If at first you don’t succeed, try again. Then keep trying.
If Trump’s opponents can’t win in Congress, they hope the courts will bring him to justice anyway. He faces legal challenges even after leaving the presidency.
Special Counsel Robert Mueller, a Republican, found 10 “episodes” of potential obstruction of justice by Trump. Although he found no direct link between the Trump campaign and Russian interference on his behalf, he did report that Trump tried to interfere with his investigation.
But Mueller went no further, stymied by a Justice Department advisory that a sitting president could not be forced to face criminal charges.
Then Trump tried to get the Ukrainian president to investigate Biden’s son’s alleged involvement in a potentially corrupt business there. He added pressure by delaying promised financial aid for Ukraine’s resistance to the Russian invasion.
House Democrats impeached Trump over his move to Ukraine, though they ignored Mueller’s obstruction of justice findings. Only one Republican senator, Mitt Romney, voted to convict, and the effort failed to secure the two-thirds vote required by the Senate.
Then House Democrats and 10 Republicans accused Trump of instigating the Jan. 6 Capitol uprising aimed at getting Congress to reverse his election defeat.
While GOP senators denounced Trump’s actions, they said they could not condemn him because he was no longer in office. The same Justice Department notice that blocked Mueller made it clear that an impeached federal official could be convicted after leaving office. A majority of the Senate voted to support this view.
Most Republican senators refused to honor that decision. Seven Republicans, including Susan Collins, did so and voted to convict Trump, but the effort again failed.
The impeachment process is political. Conviction hinges on whether the offense is so outrageous that members of the president’s own party will vote against him. The second Senate vote revealed that convicting a president is likely impossible.
When the Senate’s reluctance to act is accompanied by protection from criminal prosecution, a president is likely to enjoy complete immunity.
The ex-president could face a criminal trial, but the only punitive action will likely be the verdict of history. Trump’s two record impeachments could be his main legacy.
But this result is not enough for his opponents. Having failed to convict him when Trump was president, they continue to hope that he will be convicted of a felony. Such a decision could be considered as their justification because it would be judicial and not political.
Democrats had anticipated that the conviction in the second impeachment trial would lead to Trump being barred from holding federal office again. This is why the trial in the Senate began even after the end of his term.
Being found guilty in court now could serve the same purpose. He could be sufficiently discredited that his chances in the election or perhaps even the GOP nomination would be undermined. Much depends on mainstream Republicans and independents.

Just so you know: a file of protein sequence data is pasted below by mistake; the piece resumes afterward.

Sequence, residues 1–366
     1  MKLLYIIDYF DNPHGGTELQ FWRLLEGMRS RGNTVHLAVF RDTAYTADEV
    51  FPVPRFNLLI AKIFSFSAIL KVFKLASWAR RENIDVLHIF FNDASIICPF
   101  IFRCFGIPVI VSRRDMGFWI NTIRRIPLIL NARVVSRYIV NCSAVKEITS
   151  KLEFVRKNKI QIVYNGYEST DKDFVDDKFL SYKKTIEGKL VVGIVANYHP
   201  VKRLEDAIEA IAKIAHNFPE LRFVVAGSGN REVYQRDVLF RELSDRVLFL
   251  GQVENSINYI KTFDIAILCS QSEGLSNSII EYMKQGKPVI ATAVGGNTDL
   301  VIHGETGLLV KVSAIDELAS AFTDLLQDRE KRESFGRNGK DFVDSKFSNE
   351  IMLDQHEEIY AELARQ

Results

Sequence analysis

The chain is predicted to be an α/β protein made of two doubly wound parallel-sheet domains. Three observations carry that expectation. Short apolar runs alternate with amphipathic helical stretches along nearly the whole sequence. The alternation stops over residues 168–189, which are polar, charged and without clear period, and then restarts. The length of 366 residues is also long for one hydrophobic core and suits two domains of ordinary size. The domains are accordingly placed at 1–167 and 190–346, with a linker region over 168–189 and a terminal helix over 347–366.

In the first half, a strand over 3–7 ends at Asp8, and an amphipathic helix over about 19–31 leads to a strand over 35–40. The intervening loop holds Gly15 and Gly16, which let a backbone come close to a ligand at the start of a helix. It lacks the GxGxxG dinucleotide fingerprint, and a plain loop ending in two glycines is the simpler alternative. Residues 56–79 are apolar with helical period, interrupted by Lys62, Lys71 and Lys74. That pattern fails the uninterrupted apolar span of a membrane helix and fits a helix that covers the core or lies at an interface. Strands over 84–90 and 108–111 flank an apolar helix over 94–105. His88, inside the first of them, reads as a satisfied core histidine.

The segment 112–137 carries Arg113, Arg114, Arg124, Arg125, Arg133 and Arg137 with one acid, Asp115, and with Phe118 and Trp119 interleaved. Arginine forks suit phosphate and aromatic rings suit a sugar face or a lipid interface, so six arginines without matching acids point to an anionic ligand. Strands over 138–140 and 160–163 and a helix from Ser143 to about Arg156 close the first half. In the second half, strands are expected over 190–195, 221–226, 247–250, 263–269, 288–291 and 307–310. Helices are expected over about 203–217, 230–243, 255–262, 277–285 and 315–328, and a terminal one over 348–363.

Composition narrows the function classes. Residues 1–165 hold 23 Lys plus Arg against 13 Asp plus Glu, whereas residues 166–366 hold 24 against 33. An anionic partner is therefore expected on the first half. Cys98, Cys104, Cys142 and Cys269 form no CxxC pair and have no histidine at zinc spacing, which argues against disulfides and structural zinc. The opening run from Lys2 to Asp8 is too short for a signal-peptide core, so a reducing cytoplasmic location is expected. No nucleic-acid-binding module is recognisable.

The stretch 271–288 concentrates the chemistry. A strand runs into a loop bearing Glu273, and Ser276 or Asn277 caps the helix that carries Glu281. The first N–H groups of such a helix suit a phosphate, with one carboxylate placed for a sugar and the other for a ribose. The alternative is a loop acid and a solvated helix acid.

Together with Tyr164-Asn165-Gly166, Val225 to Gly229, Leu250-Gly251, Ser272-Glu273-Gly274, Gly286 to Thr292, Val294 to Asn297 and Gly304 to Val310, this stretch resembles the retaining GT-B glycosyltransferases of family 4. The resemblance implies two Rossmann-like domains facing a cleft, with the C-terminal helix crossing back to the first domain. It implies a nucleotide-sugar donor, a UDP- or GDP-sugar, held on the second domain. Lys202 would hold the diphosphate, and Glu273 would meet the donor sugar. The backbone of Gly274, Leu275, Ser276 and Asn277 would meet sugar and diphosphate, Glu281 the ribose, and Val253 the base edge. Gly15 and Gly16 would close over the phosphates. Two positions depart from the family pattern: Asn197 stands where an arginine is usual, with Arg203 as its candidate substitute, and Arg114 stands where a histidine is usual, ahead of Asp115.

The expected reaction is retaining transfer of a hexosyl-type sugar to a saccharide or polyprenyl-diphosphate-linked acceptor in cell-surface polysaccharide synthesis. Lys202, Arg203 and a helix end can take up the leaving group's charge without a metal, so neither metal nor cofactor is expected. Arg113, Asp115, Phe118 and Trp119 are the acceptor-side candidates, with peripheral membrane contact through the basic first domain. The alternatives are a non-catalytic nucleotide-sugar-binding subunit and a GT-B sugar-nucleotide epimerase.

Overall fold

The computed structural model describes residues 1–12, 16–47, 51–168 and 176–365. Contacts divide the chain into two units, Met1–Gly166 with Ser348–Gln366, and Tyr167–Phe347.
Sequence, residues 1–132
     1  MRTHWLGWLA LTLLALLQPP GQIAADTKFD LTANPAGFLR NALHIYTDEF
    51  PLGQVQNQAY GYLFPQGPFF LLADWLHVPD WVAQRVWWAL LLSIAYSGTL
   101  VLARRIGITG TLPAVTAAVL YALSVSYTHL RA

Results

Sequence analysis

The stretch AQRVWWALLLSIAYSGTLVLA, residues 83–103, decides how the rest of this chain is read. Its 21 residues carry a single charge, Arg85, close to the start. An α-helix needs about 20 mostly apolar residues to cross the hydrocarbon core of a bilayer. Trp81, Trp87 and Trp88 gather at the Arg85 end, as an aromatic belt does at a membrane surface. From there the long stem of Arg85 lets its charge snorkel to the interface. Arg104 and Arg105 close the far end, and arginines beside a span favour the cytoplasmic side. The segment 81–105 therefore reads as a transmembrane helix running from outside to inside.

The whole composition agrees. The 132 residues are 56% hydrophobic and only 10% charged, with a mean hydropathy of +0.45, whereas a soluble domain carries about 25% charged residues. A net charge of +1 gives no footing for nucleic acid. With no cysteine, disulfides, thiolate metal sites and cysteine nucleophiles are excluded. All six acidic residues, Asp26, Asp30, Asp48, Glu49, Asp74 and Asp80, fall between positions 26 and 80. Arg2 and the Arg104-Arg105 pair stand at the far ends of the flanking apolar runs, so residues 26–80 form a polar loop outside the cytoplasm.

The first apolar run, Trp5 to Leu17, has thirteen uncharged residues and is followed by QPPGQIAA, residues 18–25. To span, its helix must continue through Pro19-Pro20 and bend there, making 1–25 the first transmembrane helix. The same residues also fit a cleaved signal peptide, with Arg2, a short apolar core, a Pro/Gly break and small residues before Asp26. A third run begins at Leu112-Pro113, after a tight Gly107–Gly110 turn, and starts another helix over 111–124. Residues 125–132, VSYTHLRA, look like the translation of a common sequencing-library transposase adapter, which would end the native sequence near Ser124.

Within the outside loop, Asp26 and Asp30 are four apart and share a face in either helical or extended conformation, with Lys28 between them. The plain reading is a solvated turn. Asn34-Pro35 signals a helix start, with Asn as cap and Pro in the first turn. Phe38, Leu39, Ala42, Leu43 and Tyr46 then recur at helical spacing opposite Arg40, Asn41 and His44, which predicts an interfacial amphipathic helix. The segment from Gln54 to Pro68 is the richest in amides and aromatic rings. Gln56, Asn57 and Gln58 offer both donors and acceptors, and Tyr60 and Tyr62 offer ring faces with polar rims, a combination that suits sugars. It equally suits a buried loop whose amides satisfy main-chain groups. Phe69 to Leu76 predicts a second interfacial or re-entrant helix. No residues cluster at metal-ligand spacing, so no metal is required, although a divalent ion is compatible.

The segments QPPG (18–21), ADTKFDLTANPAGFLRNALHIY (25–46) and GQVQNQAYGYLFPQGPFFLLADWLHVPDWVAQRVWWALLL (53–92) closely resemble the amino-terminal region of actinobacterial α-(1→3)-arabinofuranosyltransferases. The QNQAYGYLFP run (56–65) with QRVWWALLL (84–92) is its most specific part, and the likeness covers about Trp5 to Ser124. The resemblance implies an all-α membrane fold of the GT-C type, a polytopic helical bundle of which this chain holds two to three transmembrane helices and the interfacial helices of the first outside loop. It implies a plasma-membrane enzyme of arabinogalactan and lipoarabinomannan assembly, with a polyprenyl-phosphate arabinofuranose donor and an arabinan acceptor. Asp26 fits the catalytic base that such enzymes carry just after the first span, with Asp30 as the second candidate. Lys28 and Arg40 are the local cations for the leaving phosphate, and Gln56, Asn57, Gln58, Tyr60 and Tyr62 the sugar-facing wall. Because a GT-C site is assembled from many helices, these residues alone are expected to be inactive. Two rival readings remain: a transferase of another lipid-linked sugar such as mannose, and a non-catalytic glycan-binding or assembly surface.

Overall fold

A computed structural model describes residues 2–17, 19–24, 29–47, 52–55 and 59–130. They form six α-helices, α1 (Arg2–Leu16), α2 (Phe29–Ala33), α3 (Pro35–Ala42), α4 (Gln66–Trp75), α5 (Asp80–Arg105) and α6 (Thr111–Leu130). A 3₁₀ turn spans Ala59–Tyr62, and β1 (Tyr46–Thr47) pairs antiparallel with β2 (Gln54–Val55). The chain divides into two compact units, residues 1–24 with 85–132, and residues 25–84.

His supporters may believe that losing in court may not stop him. The party continues to work to limit the Democratic vote in swing states so it can win again with lower GOP turnout.
Many federal cases have been brought against Trump, mostly by professional prosecutors, not political figures. He is unlikely to stand trial for his actions on January 6.
Although Biden should steer clear, he might prefer that federal cases not be pursued for fear that they will appear too political, especially in light of Trump’s investigation into his son, whom the president did not interrupt.
Beyond federal affairs, Trump remains vulnerable. The ex-president is the subject of state investigations completely independent of the federal Department of Justice. Other cases in which he is not directly involved could also produce negative results for him.
Lawyers in New York State and Manhattan are investigating his possible tax evasion and whether he lied to obtain business loans. Georgia is investigating its attempts to influence the presidential vote count through direct contact with its election officials. A conviction in these cases, if taken to court, could be politically damaging.
Among the most serious cases are complaints filed by two companies against some lawyers for Trump and his Fox News allies. Trump endorsed their claims that the companies were operating voting machines replacing Trump’s votes with Biden’s votes. There is no such evidence and the companies claim their business has suffered because of the claims.
If the companies win, the results will further discredit Trump’s false claim that he won the election, his supporters’ justification for the Capitol insurrection. This could harm his political prospects.
The campaign wars between Trump and his opponents continue. It is no longer just a matter of politics. Ultimately, the courts may have as much say in Trump’s presidency and its future as voters.
Gordon L. Weil forMerly has written for the Washington Post and other newspapers, served on US Senate and EU staff, headed Maine state agencies, and served as an adviser to Harpswell.